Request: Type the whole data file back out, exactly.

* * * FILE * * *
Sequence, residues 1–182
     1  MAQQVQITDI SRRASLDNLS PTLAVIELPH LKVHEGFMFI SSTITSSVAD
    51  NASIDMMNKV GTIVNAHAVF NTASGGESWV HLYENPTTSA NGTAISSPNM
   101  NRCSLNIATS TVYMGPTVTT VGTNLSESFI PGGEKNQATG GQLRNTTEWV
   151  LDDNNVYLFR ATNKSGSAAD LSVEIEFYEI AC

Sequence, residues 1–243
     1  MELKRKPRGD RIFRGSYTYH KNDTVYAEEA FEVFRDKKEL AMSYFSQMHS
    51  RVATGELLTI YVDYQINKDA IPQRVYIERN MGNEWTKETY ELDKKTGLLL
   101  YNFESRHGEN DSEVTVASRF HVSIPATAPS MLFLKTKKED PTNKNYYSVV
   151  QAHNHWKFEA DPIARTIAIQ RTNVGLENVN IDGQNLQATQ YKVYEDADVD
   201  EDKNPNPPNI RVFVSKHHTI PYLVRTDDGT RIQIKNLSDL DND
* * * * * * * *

Sequence, residues 1–182
     1  MAQQVQITDI SRRASLDNLS PTLAVIELPH LKVHEGFMFI SSTITSSVAD
    51  NASIDMMNKV GTIVNAHAVF NTASGGESWV HLYENPTTSA NGTAISSPNM
   101  NRCSLNIATS TVYMGPTVTT VGTNLSESFI PGGEKNQATG GQLRNTTEWV
   151  LDDNNVYLFR ATNKSGSAAD LSVEIEFYEI AC

Sequence, residues 1–243
     1  MELKRKPRGD RIFRGSYTYH KNDTVYAEEA FEVFRDKKEL AMSYFSQMHS
    51  RVATGELLTI YVDYQINKDA IPQRVYIERN MGNEWTKETY ELDKKTGLLL
   101  YNFESRHGEN DSEVTVASRF HVSIPATAPS MLFLKTKKED PTNKNYYSVV
   151  QAHNHWKFEA DPIARTIAIQ RTNVGLENVN IDGQNLQATQ YKVYEDADVD
   201  EDKNPNPPNI RVFVSKHHTI PYLVRTDDGT RIQIKNLSDL DND